A recent syndicated column by Peggy Noonan makes useful observations, together with one rather questionable point. Noonan blithely assumes that while the president has “fully absorbed the general assumptions and sympathies of the political left,” his opponent Mitt Romney reflects “the general attitudes, assumptions and sympathies of the political right.”

Noonan may be seeing something in Romney that eludes me. Of course, she can find support for her view in the invectives of those liberal journalists, who have begun to depict the former Massachusetts governor and Republican nominee as an incipient fascist. But the right-wingers I meet, who are the ones who tried to keep Romney from winning the nomination, do not believe that he shares their “general attitudes, assumptions and sympathies.” They are going along with the candidate of the GOP regulars and Noonan’s Wall Street Journal because they think Obama may be worse.

Despite this undeserved plug for her newspaper’s editorial choice, Noonan does correctly underline the foolishness of Obama’s recent straying in the direction of the hardline social left. She notes that Obama is “actively bad in politics,” as opposed to being a politically clever ideologue. “Anyone good at politics does not pick a fight with the Catholic Church during an election year.”

“If you’re good at politics but ideologically mean, you string the church along during election year” and then “revoke all protections in 2013, after you’ve been reelected.” Noonan believes Obama’s “campaign is making him look small and scared,” particularly when he forces his ally, Newark mayor Cory Booker, to retract a statement criticizing one of Obama’s recent assaults on equity companies.

It seems that outside of grievance-driven constituencies and friends in the entertainment industry, Obama may be looking at an increasingly restricted electoral base. But his ineptitude may be even worse than Noonan suggests. As a still personally popular executive in a country that has swung leftward culturally and socially, Obama should be able to win in a cakewalk.

But he has frustrated his own efforts. His economic policies have been disastrous; his attempts to blame all his predictable disasters on a Republican administration that went away three and a half years ago borders on the hallucinatory; and his recent attempts to go for broke on leftist social issues, are all causing his lead over Romney to slip. He is clearly losing what political scientists like to call “the undecided center.”

Noonan also observes, however, that Romney has trouble distancing himself from the last GOP president. Romney is opening himself to the charge of being “just more Bush” and “peddling the same medicine that helped make us sick.” Although Noonan is applying this criticism mostly to the way Romney studiously avoids bringing up Bush’s runaway spending while attacking Obama’s extravagance, her observation is true about Republican presidential politics generally.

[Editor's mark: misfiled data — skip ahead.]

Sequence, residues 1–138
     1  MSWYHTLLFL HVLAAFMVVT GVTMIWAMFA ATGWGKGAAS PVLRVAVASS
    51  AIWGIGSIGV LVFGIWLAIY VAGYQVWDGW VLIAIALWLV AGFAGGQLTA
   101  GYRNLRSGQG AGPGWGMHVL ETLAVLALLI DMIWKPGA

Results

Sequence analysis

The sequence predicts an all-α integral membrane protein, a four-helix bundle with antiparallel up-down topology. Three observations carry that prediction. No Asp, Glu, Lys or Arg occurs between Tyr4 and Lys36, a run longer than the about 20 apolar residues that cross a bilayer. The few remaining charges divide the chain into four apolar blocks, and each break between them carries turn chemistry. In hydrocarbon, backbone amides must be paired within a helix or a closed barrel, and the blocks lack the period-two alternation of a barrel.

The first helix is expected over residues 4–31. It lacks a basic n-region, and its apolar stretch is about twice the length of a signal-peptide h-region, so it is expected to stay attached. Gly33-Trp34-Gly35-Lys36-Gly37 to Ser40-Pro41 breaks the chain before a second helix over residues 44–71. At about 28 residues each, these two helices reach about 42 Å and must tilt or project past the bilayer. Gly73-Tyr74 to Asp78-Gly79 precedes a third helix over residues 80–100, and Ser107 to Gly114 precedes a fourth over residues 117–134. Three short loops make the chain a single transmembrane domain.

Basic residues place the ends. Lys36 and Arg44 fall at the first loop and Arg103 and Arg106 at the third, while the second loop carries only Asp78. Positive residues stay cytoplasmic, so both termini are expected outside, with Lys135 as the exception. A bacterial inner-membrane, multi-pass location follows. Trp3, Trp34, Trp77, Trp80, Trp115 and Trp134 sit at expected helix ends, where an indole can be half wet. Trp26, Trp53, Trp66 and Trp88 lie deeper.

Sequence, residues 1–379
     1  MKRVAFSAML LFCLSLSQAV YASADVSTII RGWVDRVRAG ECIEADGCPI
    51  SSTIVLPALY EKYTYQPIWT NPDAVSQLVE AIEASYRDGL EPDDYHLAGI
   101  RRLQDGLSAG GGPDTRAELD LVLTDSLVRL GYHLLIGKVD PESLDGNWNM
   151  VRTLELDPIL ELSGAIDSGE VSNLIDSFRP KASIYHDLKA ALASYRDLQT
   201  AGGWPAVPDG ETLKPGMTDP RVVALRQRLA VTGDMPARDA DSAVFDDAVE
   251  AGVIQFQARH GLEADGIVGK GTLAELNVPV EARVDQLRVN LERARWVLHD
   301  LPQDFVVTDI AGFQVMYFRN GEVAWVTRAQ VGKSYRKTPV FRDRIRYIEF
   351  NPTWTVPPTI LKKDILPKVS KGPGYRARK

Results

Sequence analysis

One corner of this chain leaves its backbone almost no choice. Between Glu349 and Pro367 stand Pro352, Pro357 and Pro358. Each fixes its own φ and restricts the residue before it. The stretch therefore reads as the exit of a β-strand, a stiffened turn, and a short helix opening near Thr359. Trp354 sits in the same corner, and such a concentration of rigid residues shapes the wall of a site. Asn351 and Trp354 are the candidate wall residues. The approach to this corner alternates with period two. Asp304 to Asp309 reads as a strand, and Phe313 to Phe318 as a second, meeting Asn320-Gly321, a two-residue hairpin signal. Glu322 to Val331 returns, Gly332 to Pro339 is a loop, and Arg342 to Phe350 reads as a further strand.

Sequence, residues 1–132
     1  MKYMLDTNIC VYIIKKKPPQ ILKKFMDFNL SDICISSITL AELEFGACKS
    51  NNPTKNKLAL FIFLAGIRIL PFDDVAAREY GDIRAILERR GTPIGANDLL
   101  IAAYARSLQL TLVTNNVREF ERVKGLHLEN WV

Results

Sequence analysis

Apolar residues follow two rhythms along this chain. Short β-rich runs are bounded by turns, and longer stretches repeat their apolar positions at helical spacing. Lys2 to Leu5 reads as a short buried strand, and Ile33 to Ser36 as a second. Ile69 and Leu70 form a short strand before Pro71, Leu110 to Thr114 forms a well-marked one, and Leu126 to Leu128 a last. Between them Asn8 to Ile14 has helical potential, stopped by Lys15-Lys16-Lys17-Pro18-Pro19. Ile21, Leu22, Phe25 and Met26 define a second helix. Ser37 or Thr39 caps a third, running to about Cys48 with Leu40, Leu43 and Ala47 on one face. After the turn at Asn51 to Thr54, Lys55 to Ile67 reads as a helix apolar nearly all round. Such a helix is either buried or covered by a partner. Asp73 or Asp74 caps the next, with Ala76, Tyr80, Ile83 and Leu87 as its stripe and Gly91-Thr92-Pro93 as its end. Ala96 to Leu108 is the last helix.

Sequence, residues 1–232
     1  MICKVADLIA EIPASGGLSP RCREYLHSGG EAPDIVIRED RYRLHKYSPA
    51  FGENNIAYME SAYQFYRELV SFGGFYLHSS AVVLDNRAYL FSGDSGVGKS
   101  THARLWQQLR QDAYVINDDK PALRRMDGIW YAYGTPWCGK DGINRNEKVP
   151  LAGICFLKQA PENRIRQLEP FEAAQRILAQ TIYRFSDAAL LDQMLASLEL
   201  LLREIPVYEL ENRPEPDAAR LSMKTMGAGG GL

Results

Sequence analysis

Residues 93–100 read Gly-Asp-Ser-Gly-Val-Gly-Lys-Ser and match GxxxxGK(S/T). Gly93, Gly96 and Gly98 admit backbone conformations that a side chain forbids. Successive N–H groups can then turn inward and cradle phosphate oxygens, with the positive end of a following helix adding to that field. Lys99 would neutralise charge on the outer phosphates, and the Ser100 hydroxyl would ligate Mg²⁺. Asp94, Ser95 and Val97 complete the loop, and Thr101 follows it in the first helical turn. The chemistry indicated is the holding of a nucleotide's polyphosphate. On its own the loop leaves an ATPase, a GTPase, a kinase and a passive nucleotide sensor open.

Bush’s people never departed the public scene following his unsuccessful presidency. They continued to run the GOP media, like the WSJ editorial page and Fox News. And this continuity makes the prospect of a Republican victory unpalatable to some Americans, including this columnist.  A Romney presidency would likely put back into power Bush’s neoconservative foreign policy team, and it would hardly surprise me to see Karl Rove creep back into the White House as a presidential advisor.

The persistence of the mentality of the Bush presidency among Republicans was brought home to me recently while looking at a statement of belief distributed to Young Republicans on college campuses.  One of the stated beliefs is as follows: “I believe in a strong national defense to ensure that America remains safe, terrorists are defeated, and democracy flourishes throughout the world.”

While I’m certainly in favor of maintaining strong defense to keep our country safe, the reference to saving us from terrorists may be pushing the incorrect idea that we’ve been in imminent danger of terrorist attack since Bush left office. But there is no indication that domestic terrorism has become a worse problem under the Democrats. What takes the cake as a blast from the GOP past is the call to use our military to impose our political preferences on the entire world. Can’t the GOP retire the stale rhetoric of Bush’s speechwriter Michael Gerson, which was particularly evident during Bush’s second term? Has the hope of Bush and Gerson to convert all of humanity to state-of-the-art American democracy now become part of a credo that adolescents are supposed to recite, like a religious catechism?

I’m afraid this may be the case, as long as the same broken records from the Bush presidency continue to shape Republican thinking about the rest of the world.

Paul Gottfried is the author, most recently, of Leo Strauss and the Conservative Movement in America: A Critical Appraisal.